March 22, 2011 (JUBA) – South Sudan’s cabinet has approved some of the proposed sovereignty symbols for the region, including the name of the would-be independent state, its flag, national anthem and its new currency, after long deliberations.
- The SPLA Music Band practicing the South Sudan National Anthem in Juba (Photo: Lomayat)
In an extraordinary meeting of the Council of Ministers on Tuesday chaired by the region’s Vice President, Riek Machar Teny, the cabinet confirmed that the Republic of South Sudan, abbreviated as RoSS, would be the name of the country when it becomes independent in July. The name was initially approved last month during a meeting with participation of leaders from various political parties which included members of the executive.
The current flag of the Government of Southern Sudan (GoSS), which was borrowed from the ruling Sudan People’s Liberation Movement (SPLM) since 2005, was also approved by the cabinet to remain the flag for the independent country.
South Sudan gained a high degree of autonomy from Khartoum in a 2005 peace deal, which also granted the region to right to self determination in a referendum. The vote, which took place in January saw an overwhelmingly result in favour of secession from the north.
The cabinet also approved the proposed national anthem in its current form, without amendments after it received approval last week by the Southern Sudan 2011 Taskforce - a group set up to prepare the region for independence.
Minister of information and official spokesman of the government, Barnaba Marial Benjamin, said the cabinet would now refer the issues to the parliament for further deliberations and final endorsement.
The cabinet also approved the name of the new country’s currency, which is to be called the South Sudan Pound. Discussions on its design were deferred for next meeting when a sample design can be made available to the cabinet for reference by the minister of finance and economic planning, David Deng Athorbei.
Citizens who spoke to Sudan Tribune expressed their reactions on the proposed features in the design of the new currency.
While it was suggested by members of the committee working on the design of the currency that the face of the first chairman of the SPLM, the late John Garang de Mabior, should appear on the face of the note of the currency, others from the public say it should instead be the current President of the Government of Southern Sudan, Salva Kiir Mayardit, who will become the first President of the Republic of South Sudan 9 July 2011 that should have his face featuring on the currency.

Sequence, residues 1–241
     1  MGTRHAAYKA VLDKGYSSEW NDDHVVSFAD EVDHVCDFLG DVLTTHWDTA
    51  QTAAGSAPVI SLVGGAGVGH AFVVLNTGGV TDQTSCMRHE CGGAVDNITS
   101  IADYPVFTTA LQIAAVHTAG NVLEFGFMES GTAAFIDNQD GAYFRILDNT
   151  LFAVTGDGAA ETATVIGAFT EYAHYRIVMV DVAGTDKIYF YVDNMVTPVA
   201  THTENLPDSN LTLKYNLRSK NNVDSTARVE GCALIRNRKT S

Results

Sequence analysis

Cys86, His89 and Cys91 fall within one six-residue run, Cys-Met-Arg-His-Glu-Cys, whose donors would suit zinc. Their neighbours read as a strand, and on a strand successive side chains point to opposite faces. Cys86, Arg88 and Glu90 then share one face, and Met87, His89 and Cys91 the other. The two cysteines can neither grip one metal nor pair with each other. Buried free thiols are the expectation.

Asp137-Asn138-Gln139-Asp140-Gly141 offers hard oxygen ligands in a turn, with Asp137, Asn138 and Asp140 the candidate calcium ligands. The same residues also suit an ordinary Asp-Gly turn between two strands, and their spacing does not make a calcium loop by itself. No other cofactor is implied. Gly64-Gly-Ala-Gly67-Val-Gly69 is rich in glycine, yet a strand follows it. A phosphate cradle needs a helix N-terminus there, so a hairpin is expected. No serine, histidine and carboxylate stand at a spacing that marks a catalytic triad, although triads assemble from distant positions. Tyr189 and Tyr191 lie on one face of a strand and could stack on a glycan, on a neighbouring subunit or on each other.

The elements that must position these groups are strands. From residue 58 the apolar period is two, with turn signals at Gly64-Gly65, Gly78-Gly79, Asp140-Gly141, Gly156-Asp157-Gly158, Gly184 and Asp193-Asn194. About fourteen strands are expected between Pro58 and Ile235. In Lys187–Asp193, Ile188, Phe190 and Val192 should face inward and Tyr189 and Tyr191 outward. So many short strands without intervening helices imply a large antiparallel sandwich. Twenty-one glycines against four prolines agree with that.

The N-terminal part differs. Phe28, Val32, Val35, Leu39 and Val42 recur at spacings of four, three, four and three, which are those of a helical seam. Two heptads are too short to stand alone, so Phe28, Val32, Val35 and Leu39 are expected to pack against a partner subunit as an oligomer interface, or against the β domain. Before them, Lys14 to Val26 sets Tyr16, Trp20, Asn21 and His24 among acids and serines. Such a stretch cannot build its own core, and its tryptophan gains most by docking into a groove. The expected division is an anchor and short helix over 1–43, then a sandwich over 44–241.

Some others argued that the first politicians and leaders in South Sudan who initiated the southern struggle in 1947 should instead be the ones deserving the honour of appearing on the currency.
However, the majority of citizens in the public who spoke to Sudan Tribune said they rejected using the faces of individual leaders, whether past or present and preferred only historical or cultural symbols to be printed on both sides of the notes of the proposed currency.
“Why go for faces of individual leaders in the nation’s currency?” asked a student of the University of Juba, who wanted to remain anonymous.
“Historical symbols, cultural heritages and sources of our livelihood plus our beautiful rivers, mountains and forests are the common symbols that unite us as the people of South Sudan and should be the only ones featuring in the currency,” argued Thomas Laku, who works as an official in the government.
“Faces of individual leaders are not stable choices also because they would every time be subjected to replacements with new faces, depending on who comes to power and wants his or her face inserted in the currency,” he further argued.
The future of the Sudanese Pound, and what will happen in the transition before the new currency comes into circulation, is one of the issues that still need to be resolved in negotiations between Juba and Khartoum ahead of the South’s independence in July.